Sibir Energy's troubled existence as an independent company is almost over after its board agreed a takeover offer from the oil arm of Gazprom.
Gazprom Neft, which owns about 27% of the Aim-listed Russian oil producer, has made an approved offer of 500p per share for the remaining publicly held shares, valuing Sibir at around $3bn (Ј1.88bn). If, as is likely, Sibir shareholders agree to sell, Gazprom Neft would own about 35% of the company, making it the largest shareholder.
The majority of Sibir's shares are held by Russian tycoons Chalva Tchigirinski and Igor Kesayev, who together own about 47%. The city of Moscow also holds about 18% of the company.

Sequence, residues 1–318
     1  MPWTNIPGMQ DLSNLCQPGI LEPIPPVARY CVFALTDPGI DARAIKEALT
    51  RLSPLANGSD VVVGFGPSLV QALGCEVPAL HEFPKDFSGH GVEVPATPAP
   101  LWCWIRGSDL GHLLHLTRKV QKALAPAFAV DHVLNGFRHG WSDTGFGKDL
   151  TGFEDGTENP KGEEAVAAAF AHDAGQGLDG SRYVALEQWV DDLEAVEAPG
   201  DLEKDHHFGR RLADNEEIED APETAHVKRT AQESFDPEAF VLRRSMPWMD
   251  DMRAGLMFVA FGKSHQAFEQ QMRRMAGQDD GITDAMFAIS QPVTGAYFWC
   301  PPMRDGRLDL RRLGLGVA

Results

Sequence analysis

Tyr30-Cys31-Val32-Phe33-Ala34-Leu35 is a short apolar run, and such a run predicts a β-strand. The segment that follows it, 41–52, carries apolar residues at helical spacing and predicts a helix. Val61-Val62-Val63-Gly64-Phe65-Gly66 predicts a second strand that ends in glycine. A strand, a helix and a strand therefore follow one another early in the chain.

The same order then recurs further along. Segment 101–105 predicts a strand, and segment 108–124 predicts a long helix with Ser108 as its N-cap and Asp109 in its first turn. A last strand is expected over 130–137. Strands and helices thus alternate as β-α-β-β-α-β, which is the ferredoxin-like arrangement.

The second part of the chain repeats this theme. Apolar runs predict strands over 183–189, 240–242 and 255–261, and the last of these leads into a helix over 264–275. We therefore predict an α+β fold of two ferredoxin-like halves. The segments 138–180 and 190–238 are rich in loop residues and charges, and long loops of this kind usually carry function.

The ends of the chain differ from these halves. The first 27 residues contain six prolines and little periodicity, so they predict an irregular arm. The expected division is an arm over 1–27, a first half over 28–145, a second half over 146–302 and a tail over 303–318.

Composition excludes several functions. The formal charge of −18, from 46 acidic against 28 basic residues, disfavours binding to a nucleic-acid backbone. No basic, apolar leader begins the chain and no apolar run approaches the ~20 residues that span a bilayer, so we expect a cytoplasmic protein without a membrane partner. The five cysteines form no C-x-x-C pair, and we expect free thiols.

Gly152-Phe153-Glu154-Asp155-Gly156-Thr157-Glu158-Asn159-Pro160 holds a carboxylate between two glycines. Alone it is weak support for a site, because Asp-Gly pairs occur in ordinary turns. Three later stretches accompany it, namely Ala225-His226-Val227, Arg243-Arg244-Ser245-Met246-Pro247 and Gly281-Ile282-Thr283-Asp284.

The Kremlin wants to control a greater share of the oil and gas industry making the activities of independent energy companies – particularly from overseas – increasingly precarious.
The board of Sibir has waived takeover rules which require the holder of more than 30% of a company's shares to make a full offer for the rest.
Gazprom Neft is expected to begin negotiations with the trio of private shareholders to complete the takeover.
Shares in Sibir have been suspended since February over property deals undertaken by Tchigirinski, its then chairman, and former chief executive, Henry Cameron, who are now being sued by the company.
It emerged that Sibir planned to buy property assets from Tchigirinski to help him meet margin calls on debts at a time when the credit crunch had badly hit his real estate empire.
Sibir discovered it was owed around $325m by Tchigirinski and is taking legal action to reclaim it.